This week is the 2018 Trench Safety Stand Down — in case you missed it, check out Monday’s piece on the dangers of working in trenches. Today, we’ll take a look at how to prepare for excavating, the different types of trench protection you can use and how to choose the right system for the job.
Before you can decide which protective system you’ll be using for the trench — in fact, before you start digging the trench — take stock of the jobsite to identify any potential hazards:
• Heavy moving loads
• Vibrating equipment
• Rain or water runoff
• Hot, dry weather
The presence of any of these risk factors can increase the risk of a trench collapse. That doesn’t necessarily mean you can’t dig at that site, but it does mean you’ll need to be extra cautious.
You’ll need to designate a competent person whose job is to inspect the trench daily or whenever soil or jobsite conditions change to ensure workers are protected. Basically, that person’s word is law when it comes to trenches — they’re trained to recognize potential and existing hazards and to classify soil using a few different methods. The competent person is authorized to take measures to fix any hazard that comes up, even if that means stopping work to address the problem.
Next, what type of soil are you excavating? OSHA has four classifications for soil types:
• Stable rock — Solid rock that doesn’t collapse when excavated.
• Type A — Cohesive soils like clay or clay loam with an unconfined compressive strength of 1.5 tons per square foot (tsf) or more.
• Type B — Cohesive soil with an unconfined compressive strength of 0.5 to 1.5 tsf, cohesionless soils like angular gravel or silt, previously disturbed soil or dry, unstable rock.
• Type C — Cohesive soil with an unconfined compressive strength of 0.5 tsf or less and granular soils like sand or submerged or watery soil or rock.
Unconfined compressive strength measures the amount of compressive stress soil can withstand in an unconfined space. Cohesive soils do not crumble and are hard to break up; when submerged, cohesion increases — for example, clay is an extremely cohesive soil. Cohesionless soils like sand don’t bind together well and are free-running.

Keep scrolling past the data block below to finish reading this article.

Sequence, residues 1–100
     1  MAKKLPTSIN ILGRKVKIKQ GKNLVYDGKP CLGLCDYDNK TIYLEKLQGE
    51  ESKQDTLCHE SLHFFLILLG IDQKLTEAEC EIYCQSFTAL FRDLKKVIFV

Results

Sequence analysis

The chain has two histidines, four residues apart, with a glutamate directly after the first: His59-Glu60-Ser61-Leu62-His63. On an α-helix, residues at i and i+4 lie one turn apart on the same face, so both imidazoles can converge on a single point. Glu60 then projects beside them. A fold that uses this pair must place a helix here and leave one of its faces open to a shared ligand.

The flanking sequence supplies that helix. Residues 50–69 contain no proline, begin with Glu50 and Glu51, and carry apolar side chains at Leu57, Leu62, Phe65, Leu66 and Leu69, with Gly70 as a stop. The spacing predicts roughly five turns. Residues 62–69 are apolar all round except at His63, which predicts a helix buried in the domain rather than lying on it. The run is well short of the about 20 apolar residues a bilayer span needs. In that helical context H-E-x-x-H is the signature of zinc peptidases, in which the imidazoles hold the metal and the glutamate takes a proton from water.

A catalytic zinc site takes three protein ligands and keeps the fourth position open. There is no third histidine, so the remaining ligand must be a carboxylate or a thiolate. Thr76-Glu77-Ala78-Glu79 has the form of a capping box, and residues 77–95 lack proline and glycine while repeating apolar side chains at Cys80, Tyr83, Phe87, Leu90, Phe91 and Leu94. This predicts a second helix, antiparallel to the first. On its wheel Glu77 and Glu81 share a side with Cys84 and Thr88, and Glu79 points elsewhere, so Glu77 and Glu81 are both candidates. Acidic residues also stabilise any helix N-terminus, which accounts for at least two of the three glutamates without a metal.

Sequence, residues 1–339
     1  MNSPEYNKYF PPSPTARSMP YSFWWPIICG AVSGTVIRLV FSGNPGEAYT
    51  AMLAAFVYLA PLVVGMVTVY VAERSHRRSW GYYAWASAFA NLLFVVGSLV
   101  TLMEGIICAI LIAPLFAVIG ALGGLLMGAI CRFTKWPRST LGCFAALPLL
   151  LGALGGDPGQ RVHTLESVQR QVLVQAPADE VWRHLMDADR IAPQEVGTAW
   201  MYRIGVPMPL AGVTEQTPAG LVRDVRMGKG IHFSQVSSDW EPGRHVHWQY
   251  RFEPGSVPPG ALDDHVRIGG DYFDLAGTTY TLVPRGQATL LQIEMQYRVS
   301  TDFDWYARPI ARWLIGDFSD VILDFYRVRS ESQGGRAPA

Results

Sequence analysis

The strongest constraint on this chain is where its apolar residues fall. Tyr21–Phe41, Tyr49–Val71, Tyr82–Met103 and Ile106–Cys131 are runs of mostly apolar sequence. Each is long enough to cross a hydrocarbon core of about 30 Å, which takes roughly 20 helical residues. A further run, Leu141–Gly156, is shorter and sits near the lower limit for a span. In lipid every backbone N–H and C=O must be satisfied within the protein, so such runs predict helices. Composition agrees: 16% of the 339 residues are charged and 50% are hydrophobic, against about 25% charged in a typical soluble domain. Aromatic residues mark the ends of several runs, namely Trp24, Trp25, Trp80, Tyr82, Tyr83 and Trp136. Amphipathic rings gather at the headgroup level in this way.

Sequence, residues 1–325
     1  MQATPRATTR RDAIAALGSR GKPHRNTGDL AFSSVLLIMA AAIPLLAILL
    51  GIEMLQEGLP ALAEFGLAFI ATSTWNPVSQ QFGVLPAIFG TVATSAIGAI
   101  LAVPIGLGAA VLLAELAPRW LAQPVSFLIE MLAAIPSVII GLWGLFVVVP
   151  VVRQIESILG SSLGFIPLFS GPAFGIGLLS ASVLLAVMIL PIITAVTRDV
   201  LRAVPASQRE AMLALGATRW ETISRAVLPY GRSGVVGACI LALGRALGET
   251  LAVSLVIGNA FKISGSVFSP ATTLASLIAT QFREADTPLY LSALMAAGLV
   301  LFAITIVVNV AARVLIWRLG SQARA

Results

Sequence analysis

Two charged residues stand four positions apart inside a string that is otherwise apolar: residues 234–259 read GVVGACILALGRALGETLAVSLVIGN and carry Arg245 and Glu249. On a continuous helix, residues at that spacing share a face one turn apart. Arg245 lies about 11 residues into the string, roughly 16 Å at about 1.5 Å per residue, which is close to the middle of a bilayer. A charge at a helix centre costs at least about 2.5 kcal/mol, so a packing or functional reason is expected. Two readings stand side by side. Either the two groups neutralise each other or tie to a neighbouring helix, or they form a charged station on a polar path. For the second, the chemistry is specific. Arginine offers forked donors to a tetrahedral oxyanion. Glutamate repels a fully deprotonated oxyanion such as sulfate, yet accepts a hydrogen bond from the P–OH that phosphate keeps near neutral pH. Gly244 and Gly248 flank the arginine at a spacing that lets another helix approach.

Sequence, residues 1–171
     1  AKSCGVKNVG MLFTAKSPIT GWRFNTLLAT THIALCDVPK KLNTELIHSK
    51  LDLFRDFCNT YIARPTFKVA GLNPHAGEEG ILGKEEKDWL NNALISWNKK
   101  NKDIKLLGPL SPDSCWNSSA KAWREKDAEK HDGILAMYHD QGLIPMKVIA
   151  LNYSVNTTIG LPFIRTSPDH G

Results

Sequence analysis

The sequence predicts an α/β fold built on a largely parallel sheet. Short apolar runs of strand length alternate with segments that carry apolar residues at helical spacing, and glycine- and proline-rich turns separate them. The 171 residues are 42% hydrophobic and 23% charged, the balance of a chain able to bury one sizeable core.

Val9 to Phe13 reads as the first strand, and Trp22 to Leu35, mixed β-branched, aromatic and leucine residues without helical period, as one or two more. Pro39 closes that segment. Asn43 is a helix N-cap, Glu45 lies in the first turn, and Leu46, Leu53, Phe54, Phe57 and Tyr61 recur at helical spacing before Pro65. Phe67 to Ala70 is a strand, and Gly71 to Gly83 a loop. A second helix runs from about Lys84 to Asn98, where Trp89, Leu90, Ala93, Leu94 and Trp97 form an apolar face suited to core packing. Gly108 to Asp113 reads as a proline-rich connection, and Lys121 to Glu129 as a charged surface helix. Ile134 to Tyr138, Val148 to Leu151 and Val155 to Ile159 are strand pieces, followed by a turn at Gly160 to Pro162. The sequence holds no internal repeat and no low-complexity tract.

No soil can be classified as Type A if it meets any of these standards:
• Subject to vibrations from machinery or heavy traffic
• Previously disturbed
• Part of a sloped system
• Presence of any other factors that would make the soil unstable
It’s important to remember that as you dig, you may run into layers of soil that are different types than the top layer. Any time conditions change in a way that could affect the soil, like if it rains heavily or if a new piece of heavy or vibrating equipment is being used near the trench, the competent person needs to take a second look in case the soil needs to be reclassified.
When in doubt, always consult the project’s competent person. It’s better to be overly cautious and take a little extra time to complete the job than to rush it and find yourself dealing with a trench collapse.
Sloping involves sloping the walls of the trench out to reduce risk of cave-ins. Different degrees of slope must be used depending on the soil type at the excavation site:
• Stable rock — Vertical 90° slope
• Type A — Nine inches of outward slope for every foot of trench depth
• Type B — One foot of outward slope for every foot of trench depth
• Type C — 18 inches of outward slope for every foot of trench depth
Sloping is appropriate protection only for trenches 20 feet deep or less. Take a look at Figure V:2-13 to see examples of sloped trenches.
Benching is generally used in Type A and cohesive Type B soils, and can be a single or multiple bench. Benches look like a stair or set of stairs on the sides of the trench. The first bench at the bottom of the trench must be no taller than four feet high, and subsequent benches can be five feet high if the soil is Type A or four feet high if it’s Type B. Benches also need to be below the maximum allowed slope for the soil type. Like sloping, benching can’t be used in trenches deeper than 20 feet.